Analysis of sIL1RAP levels according to the menstrual cycle phase first showed a significant diminution during the secretory phase compared to the proliferative phase in normal controls (p < 0.0001) (statistical power, 97.5%) (Figure 3A). In women with endometriosis, no significant difference between the proliferative and the secretory phases was noted. As compared to normal controls however, patients with endometriosis showed a statistically significant diminution of sIL1RAP levels in the proliferative phase (p < 0.001), but not in the secretory phase (statistical power, 100% and 95%, respectively) (Figure 3A). Further distribution of sIL1RAP values along the menstrual cycle showed a peak, which, in normal women, was reached at the end of the proliferation phase. In women with endometriosis, however, the amplitude of such a peak was significantly lower (p < 0.01) compared to normal controls (statistical power, 80%), and no significant cycle-dependent changes could be observed (Figure 3B). Since these results suggest a hormonal regulation of sIL1RAP levels, we then analysed E2 and P4 concentrations in the same serum samples. Data displayed in Table 2 showed no statistically significant differences in E2 or P4 levels between normal controls and women with endometriosis in the proliferative or the secretory phase of the menstrual cycle. Furthermore, no significant correlation between sIL1RAP levels and those of E2 or P4 was found in women with endometriosis or normal controls (data not shown).
In the present study, we found that sIL1RAP levels were not significantly altered in the peripheral blood of women with endometriosis; only a slight diminution was observed compared to normal women. Our data did not point to any noticeable relationship with endometriosis-related infertility or pelvic pain, as sIL1RAP levels were comparable in fertile and infertile women with endometriosis and in those who have or not pelvic pain. However, data analysis according to endometriosis stage revealed a statistically significant decrease in the earliest stages of the disease. The number of EIII/IV patients included in this study was too small to draw a definite conclusion on sIL1RAP relationship with advanced endometriosis stages. Nevertheless, our findings are consistent with the available literature showing that endometriosis is biochemically more active in the early stages. Actually, it is quite believed that endometriotic lesion types represent distinctive steps in the evolutionary process of the disease and that initial and highly active, vascularized and inflammatory red lesions display an increased expression of pro-inflammatory, angiogenic and tissue remodelling factors such as nuclear factor (NF)-kB, IL1R1, MIF, vascular endothelial cell growth factor (VEGF) and prostaglandins (PGs) [21–25].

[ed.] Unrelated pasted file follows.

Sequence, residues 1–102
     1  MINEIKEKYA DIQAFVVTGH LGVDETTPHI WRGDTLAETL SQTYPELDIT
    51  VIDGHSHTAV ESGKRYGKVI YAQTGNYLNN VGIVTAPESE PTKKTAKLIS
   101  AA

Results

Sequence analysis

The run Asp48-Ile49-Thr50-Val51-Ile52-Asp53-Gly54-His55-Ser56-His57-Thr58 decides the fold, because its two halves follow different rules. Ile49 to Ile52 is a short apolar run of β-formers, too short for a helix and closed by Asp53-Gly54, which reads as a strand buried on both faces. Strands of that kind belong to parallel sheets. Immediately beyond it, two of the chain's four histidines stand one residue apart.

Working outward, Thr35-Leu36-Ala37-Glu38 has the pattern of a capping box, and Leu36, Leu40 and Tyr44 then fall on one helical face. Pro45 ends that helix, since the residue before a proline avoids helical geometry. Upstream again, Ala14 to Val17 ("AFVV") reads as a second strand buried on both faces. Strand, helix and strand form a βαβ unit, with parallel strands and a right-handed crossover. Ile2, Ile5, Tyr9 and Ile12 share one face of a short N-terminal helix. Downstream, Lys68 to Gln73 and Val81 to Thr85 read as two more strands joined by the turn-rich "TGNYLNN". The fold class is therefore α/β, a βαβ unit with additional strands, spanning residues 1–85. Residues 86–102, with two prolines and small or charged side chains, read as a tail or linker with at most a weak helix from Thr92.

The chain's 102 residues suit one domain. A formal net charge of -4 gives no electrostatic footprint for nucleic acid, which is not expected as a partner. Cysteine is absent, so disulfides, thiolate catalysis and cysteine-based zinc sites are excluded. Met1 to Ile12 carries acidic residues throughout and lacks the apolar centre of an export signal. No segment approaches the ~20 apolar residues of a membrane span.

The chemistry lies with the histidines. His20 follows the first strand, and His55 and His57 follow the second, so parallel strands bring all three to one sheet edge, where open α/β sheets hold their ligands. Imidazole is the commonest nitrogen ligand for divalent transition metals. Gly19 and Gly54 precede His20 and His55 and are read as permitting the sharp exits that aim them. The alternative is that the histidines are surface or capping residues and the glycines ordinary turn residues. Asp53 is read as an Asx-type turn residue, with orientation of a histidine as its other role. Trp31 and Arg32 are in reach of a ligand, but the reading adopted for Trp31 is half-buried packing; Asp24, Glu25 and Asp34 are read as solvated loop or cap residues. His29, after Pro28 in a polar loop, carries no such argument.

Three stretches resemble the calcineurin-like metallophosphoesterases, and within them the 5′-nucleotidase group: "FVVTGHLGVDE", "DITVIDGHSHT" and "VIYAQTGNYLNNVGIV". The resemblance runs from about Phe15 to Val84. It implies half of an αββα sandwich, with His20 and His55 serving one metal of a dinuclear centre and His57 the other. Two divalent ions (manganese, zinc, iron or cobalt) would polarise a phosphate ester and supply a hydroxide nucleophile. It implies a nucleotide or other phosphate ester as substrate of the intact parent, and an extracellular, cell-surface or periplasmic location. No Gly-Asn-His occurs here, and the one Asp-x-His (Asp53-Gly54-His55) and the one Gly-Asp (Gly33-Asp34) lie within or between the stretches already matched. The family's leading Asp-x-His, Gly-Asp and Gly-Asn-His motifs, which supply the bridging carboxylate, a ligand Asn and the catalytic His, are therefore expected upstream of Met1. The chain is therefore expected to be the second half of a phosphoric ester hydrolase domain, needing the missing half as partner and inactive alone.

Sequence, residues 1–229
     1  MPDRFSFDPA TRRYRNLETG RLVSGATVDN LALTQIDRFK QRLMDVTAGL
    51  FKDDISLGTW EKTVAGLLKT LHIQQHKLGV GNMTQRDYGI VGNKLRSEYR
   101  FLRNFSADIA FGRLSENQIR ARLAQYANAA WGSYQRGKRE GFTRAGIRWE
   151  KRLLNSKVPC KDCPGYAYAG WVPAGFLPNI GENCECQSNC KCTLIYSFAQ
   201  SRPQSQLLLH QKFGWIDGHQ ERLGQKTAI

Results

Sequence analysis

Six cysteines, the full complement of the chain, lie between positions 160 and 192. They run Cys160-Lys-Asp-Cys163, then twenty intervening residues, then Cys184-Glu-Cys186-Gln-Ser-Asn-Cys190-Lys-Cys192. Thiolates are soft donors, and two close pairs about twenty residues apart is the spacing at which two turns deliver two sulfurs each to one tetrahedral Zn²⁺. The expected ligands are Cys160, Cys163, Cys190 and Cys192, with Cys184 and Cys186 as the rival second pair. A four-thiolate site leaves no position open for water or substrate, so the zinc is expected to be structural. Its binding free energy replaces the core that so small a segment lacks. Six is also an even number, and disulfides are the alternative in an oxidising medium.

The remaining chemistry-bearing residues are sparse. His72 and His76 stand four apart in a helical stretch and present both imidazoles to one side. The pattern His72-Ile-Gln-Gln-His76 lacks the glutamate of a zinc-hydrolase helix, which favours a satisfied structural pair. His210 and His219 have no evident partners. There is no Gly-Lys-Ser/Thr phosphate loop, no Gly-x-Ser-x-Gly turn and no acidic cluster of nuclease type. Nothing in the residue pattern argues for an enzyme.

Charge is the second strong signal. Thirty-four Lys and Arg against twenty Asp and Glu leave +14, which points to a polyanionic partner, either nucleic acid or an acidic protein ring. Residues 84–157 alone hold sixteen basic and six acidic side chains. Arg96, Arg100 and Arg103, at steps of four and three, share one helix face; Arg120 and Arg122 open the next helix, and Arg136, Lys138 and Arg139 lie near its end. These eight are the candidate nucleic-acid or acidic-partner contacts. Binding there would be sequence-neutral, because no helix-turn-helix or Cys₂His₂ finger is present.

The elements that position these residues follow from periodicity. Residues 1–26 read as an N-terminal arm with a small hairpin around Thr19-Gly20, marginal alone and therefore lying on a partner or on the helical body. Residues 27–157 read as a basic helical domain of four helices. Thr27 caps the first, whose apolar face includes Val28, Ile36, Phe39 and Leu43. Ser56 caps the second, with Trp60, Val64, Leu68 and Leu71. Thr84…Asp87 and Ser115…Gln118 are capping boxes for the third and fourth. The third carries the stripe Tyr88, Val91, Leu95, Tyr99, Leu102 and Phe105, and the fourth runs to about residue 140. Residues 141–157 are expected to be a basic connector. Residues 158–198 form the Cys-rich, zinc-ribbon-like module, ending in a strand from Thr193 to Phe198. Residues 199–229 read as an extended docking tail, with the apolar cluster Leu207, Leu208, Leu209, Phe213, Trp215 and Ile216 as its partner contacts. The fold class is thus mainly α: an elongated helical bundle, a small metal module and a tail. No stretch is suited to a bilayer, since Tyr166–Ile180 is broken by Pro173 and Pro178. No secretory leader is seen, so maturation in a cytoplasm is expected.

Analysis of sIL1RAP concentrations according to the menstrual cycle further revealed a significant decrease during the proliferative phase in women with endometriosis compared to controls, and precisely at the end of this phase; a phenomenon that was not observed during the secretory phase. Actually, sIL1RAP levels were significantly lower in the proliferative than in the secretory phase in normal healthy controls, whereas in women with endometriosis they showed no significant cycle-dependent variations and remained low throughout the menstrual cycle. Analysis of E2 and P4 levels in the peripheral blood sera of the same women did not reveal any significant endometriosis-related changes, nor did it identify a significant correlation with sIL1RAP levels, which rules out their involvement in the regulation of sIL1RAP levels in the peripheral blood. The decrease in circulating sIL1RAP levels remains unexplained and so are the source(s) of sIL1RAP secretion. sIL1RAP was detected in human serum , but it is unknown whether immune blood cells, the predominant cell population in the peripheral blood, could be responsible for sIL1RAP production. Furthermore, immune cell dysfunctions have been described in sera of patients with endometriosis and could explain this phenomenon [3, 7–9, 26, 27]. However, we cannot completely rule out an eventual endometrial origin since our previous study showed that human endometrium is capable of producing sIL1RAP . Considering that the endometrium is a highly vascularized tissue, a decrease in the secretion of endometrial sIL1R3 could, at least partly, explain our current results. It would however be interesting to evaluate the production of sIL1R3 in immune blood cells of women with and without endometriosis.